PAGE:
In 1923, a group of young radical German thinkers and intellectuals came together to at Victoria Alle 7, Frankfurt, determined to explain the workings of the modern world. Among the most prominent members of what became the Frankfurt School were the philosophers Walter Benjamin, Theodor Adorno, Max Horkheimer, and Herbert Marcuse. Not only would they change the way we think, but also the subjects we deem worthy of intellectual investigation. Their lives, like their ideas, profoundly, sometimes tragically, reflected and shaped the shattering events of the twentieth century.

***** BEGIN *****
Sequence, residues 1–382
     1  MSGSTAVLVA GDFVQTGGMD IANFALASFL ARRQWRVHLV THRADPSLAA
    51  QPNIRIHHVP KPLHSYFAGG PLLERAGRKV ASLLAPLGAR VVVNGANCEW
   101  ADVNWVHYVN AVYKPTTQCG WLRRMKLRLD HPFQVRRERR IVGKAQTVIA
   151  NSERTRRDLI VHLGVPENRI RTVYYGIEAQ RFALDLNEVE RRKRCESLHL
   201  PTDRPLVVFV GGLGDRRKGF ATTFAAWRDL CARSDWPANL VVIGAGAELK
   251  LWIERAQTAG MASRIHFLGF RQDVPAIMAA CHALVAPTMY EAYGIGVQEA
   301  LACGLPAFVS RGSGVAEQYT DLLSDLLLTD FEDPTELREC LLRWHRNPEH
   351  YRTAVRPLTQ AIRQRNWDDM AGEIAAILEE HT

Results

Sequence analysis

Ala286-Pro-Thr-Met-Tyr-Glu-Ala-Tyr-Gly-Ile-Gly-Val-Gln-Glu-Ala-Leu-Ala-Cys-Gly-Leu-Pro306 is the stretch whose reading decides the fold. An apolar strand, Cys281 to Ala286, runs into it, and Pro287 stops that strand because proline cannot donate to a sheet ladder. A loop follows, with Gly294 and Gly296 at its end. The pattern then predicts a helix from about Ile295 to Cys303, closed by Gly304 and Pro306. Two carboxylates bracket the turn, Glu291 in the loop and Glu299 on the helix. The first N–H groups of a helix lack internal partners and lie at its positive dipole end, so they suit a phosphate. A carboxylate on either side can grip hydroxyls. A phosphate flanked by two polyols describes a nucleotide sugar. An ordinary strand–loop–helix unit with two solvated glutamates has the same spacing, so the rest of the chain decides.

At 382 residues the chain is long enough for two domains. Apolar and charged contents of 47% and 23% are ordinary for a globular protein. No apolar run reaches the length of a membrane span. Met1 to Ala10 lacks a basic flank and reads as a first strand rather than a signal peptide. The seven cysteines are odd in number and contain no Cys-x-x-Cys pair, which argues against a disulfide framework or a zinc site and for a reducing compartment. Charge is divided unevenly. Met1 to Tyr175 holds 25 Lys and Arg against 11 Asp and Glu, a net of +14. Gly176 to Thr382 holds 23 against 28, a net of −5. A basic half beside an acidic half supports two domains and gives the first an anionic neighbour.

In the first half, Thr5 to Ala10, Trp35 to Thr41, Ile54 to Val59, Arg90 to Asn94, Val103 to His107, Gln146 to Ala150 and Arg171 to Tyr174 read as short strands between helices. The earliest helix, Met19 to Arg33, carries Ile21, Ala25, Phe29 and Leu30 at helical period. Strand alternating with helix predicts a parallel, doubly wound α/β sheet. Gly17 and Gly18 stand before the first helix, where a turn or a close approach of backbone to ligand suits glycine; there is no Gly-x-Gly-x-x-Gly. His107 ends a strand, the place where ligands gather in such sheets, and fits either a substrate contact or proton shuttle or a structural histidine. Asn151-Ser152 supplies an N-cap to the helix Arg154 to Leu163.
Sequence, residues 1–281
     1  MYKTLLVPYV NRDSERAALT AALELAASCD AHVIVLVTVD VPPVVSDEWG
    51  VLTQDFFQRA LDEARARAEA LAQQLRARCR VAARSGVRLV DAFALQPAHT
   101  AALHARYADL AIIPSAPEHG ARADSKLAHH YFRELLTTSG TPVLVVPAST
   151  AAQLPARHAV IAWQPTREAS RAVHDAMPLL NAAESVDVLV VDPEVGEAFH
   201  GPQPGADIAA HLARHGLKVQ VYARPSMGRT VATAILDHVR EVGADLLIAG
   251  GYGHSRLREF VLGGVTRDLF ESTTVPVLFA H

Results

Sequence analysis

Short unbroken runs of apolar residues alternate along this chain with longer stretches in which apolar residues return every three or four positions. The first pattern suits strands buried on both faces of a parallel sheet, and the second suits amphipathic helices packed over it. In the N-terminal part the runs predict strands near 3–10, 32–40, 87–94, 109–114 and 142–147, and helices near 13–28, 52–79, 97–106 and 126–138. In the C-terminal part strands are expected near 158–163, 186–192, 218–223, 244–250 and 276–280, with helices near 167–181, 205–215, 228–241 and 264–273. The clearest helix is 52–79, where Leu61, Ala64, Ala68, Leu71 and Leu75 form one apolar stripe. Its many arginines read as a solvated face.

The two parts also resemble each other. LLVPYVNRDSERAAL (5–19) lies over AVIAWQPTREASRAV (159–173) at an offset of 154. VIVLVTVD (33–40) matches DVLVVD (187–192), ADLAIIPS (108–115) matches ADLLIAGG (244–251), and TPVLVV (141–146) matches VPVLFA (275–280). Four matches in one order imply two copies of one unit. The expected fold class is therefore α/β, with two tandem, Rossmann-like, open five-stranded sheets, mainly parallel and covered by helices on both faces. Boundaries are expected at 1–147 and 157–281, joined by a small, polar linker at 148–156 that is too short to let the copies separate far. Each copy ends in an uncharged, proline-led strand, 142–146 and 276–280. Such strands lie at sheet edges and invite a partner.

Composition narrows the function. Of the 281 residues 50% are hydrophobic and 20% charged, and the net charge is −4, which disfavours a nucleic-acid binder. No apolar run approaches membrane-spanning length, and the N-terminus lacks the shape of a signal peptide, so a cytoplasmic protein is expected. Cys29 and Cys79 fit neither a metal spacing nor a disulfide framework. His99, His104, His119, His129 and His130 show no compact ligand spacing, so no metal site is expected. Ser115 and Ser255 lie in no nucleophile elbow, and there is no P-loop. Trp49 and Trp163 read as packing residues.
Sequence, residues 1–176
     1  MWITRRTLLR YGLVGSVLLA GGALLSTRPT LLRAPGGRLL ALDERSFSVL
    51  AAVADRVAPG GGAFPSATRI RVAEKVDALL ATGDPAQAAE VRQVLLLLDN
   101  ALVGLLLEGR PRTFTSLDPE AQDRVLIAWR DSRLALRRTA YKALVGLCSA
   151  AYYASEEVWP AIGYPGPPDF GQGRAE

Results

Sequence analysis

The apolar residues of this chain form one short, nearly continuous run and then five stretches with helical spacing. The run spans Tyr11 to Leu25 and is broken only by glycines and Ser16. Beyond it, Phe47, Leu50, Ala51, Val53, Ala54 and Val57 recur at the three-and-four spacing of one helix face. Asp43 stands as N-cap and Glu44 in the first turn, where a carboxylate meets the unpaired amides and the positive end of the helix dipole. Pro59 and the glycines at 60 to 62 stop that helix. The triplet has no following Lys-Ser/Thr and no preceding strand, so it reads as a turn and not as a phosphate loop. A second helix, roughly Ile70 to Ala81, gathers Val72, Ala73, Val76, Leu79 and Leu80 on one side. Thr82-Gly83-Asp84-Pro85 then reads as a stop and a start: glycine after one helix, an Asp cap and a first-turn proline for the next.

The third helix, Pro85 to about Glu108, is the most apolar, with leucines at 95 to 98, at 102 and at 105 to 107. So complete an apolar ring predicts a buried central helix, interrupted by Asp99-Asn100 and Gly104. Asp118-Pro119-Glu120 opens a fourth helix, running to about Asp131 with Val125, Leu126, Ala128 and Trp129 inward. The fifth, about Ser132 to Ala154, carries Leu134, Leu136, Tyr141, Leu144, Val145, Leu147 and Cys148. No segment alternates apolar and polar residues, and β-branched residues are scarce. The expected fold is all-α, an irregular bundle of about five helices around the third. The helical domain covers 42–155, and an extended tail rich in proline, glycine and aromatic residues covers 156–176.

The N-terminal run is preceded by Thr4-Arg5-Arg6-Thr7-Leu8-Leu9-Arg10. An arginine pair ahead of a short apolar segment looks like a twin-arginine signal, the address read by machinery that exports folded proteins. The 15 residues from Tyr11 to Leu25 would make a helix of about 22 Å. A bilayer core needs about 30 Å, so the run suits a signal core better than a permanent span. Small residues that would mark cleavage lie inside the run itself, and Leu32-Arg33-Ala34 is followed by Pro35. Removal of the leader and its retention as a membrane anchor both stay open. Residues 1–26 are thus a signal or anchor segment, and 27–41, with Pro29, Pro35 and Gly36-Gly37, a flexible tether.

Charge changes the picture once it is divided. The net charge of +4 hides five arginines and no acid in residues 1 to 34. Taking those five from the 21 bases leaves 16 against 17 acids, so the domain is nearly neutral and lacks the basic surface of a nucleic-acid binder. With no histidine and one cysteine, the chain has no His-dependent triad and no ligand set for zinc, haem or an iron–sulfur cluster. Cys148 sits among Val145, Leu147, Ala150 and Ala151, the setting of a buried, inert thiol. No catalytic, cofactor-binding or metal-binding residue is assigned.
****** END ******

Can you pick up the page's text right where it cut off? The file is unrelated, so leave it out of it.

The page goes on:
By taking popular culture seriously as an object of study--whether it was film, music, ideas, or consumerism--the Frankfurt School elaborated upon the nature and crisis of our mass-produced, mechanised society. Grand Hotel Abyss shows how much these ideas still tell us about our age of social media and runaway consumption.